The globalization index tracks changes in economic integration, political engagement, technology and personal contact across 62 countries and quantifies an overall globalization ranking. Our measure of globalization is scaled such that the country with the highest degree of globalization is assigned a value of 100 and the country with the lowest globalization ranking has a value of 39 (i.e., 101 minus 62).

  • 16

    Excess firm return is defined as the annual return for a firm minus the country risk-free rate. Excess market return is defined as the annual return of a country's broad stock market index minus its risk-free rate.

  • 17

    Our findings may not contradict the findings by Fama and French (1992), as the firms they classify as small have similar or larger market capitalization when compared to many real estate firms in our sample.

  • 18

    The assumption of an efficient market may not be tractable because of the lack of liquidity and so on. Previous studies examining the size effect truncate the sample to exclude extremely small firms. However, because real estate firms tend to be small in less developed countries, truncating our sample would mean losing a substantial subset of our total observations.

  • 19

    ConsumptionΔ is the annual average household consumption percentage growth and population growth measures the annual percentage in the country's total population.

  • 20

    It is not entirely clear that a correlation/causation exists. For example, the People's Republic of China is open, but does not enjoy a credible legal/juridical framework. On the other hand, there are countries, such as India, which until recently were not very open but had an effective legal superstructure.

  • 21

    It is possible that the creation of a common economic space in the relatively newly formed European Union affects our results.

  • 22

    We also examine the impact of economic openness on excess firm returns across countries. In unreported results, we find that the openness measure is significant in only three of the 16 country regressions (i.e., Hong Kong, Japan and Singapore). Moreover, most other explanatory variables are not significant. As we have only 8 years of annual data and a very limited number of firm observations for some countries, the country regressions are suspect and unlikely to generate reliable results.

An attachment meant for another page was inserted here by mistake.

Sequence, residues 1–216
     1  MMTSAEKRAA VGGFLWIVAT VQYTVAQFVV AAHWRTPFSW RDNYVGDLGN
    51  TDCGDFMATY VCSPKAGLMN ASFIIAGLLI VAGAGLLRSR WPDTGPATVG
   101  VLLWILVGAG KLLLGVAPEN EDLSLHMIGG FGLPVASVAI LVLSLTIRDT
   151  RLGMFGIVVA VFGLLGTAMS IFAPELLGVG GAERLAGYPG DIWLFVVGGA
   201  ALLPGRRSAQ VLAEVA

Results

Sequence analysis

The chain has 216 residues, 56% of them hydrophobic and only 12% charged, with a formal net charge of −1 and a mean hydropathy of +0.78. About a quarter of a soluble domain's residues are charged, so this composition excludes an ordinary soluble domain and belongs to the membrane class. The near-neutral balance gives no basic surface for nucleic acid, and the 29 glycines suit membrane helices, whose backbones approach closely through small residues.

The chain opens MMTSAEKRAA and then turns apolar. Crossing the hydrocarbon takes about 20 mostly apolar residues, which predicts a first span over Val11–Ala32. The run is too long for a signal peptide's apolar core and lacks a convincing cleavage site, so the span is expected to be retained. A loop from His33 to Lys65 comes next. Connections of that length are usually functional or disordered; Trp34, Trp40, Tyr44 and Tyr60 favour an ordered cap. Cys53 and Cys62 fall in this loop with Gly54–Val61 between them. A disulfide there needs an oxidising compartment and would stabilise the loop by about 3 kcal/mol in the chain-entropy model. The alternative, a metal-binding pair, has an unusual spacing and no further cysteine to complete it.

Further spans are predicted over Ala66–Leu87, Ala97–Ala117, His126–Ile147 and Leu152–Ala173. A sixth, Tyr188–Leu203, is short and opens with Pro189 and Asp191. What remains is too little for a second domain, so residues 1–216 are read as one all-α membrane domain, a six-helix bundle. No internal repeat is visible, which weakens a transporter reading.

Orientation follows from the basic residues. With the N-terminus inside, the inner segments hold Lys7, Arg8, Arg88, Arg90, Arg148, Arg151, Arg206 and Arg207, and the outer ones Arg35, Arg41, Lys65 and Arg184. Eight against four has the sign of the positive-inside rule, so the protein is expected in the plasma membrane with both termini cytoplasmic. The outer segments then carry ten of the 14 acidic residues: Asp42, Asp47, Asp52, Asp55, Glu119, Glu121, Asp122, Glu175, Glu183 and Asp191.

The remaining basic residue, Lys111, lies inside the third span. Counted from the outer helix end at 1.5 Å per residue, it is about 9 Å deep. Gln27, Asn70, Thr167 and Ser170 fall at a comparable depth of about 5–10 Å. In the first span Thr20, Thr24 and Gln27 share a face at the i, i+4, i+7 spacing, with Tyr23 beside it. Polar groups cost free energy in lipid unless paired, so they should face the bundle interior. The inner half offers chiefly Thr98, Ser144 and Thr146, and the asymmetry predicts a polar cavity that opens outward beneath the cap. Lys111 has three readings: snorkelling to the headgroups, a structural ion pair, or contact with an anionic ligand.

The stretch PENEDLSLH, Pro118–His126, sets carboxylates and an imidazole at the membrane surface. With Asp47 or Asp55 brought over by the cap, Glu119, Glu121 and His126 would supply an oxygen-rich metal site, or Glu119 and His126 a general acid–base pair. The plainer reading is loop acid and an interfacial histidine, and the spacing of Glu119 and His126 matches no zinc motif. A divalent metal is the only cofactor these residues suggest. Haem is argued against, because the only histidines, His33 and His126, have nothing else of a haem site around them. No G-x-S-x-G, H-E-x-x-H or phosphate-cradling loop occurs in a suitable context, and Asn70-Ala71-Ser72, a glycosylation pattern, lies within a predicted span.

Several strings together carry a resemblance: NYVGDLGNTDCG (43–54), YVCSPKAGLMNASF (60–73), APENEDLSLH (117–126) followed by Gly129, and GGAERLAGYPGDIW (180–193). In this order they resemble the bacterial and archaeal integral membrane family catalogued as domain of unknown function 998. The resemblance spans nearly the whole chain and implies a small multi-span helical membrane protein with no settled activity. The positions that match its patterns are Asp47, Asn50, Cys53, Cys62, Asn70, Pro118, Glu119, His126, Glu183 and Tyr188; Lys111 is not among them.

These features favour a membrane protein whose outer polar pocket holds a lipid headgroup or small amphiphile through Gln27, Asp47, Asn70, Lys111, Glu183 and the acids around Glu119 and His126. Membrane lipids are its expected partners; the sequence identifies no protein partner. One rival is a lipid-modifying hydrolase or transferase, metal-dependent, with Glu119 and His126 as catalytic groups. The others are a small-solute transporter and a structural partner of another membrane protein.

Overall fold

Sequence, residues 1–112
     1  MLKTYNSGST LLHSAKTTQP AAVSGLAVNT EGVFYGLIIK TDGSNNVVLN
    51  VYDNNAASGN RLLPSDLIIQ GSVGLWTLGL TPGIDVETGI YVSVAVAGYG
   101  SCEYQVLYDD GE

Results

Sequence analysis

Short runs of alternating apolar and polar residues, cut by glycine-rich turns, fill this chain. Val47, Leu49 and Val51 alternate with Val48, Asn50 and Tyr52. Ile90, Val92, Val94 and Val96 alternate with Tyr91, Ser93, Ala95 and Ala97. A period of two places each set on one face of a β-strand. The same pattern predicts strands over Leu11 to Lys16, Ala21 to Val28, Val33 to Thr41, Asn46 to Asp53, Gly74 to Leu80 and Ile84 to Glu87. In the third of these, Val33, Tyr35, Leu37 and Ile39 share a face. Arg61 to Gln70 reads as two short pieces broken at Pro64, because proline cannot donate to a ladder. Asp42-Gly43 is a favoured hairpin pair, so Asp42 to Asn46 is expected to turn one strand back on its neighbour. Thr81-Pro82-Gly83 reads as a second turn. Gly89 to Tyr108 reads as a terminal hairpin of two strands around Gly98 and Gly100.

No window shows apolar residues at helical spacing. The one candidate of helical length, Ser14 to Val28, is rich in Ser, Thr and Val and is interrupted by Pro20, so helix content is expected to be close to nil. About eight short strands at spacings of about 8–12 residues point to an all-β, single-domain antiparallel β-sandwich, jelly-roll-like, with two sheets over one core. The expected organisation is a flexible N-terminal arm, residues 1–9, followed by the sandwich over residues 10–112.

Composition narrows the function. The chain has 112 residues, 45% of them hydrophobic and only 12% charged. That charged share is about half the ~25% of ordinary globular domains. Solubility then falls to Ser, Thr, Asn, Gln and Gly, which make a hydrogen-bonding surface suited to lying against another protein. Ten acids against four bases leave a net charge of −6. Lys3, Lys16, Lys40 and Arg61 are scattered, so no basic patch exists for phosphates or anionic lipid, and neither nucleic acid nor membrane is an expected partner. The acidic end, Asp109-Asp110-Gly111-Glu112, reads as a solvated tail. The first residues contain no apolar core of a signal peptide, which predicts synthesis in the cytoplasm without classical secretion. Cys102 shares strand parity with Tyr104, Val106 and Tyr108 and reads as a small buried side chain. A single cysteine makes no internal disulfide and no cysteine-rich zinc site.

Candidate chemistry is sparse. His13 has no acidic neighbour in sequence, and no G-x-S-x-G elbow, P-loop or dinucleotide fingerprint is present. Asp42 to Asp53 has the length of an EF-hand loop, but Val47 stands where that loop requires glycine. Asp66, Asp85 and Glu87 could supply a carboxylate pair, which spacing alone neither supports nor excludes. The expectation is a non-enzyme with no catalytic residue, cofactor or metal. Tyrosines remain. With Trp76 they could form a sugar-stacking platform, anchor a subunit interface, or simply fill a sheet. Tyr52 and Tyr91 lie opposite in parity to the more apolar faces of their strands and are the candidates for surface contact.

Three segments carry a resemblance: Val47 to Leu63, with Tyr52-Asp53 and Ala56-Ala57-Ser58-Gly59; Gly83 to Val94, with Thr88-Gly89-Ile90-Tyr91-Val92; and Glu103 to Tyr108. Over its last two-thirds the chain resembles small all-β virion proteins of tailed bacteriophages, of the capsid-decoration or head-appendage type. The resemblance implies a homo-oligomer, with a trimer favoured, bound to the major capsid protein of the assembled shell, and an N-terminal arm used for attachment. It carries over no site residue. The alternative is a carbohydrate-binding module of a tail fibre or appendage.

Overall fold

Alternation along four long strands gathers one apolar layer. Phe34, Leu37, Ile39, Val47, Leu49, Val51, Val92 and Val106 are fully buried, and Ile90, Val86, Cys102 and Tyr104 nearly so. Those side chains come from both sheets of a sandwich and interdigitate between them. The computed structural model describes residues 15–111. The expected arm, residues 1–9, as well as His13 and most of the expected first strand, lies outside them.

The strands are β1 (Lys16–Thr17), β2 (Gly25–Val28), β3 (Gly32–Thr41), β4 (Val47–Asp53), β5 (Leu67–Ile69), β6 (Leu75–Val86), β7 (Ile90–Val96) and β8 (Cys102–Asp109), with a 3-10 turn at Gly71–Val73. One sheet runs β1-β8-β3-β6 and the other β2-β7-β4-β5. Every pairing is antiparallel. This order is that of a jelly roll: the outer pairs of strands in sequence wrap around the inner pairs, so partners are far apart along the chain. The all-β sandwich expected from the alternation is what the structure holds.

• 23

    The exercise has been conducted from the point of view of U.S. investors, primarily by virtue of the weight of dollar denominated capital flows.

  • 24

    Definitions and calculations of the exchange rate variables are explained in Table 6.

  • 25

    This finding supports the weak form of market efficiency (i.e., past information has no effect on stock returns).

  • 26

    We also include the observed current inflation rate in our regression model. The coefficient for the observed current inflation rate is negative and significant. This finding is expected to occur because the higher the level of current inflation, the larger the noise and/or unexpected inflation, which would exert a negative impact on firm prices and hence returns. When we include proxies for expected inflation and expected inflation differential across countries, expected inflation (as proxied by the actual inflation one year ahead) as well as expected inflation differential (as proxied by the actual inflation differential between foreign countries and the United States) are not statistically significant.

  • 27

    Foreign Policy Magazine has published its globalization index since 2001.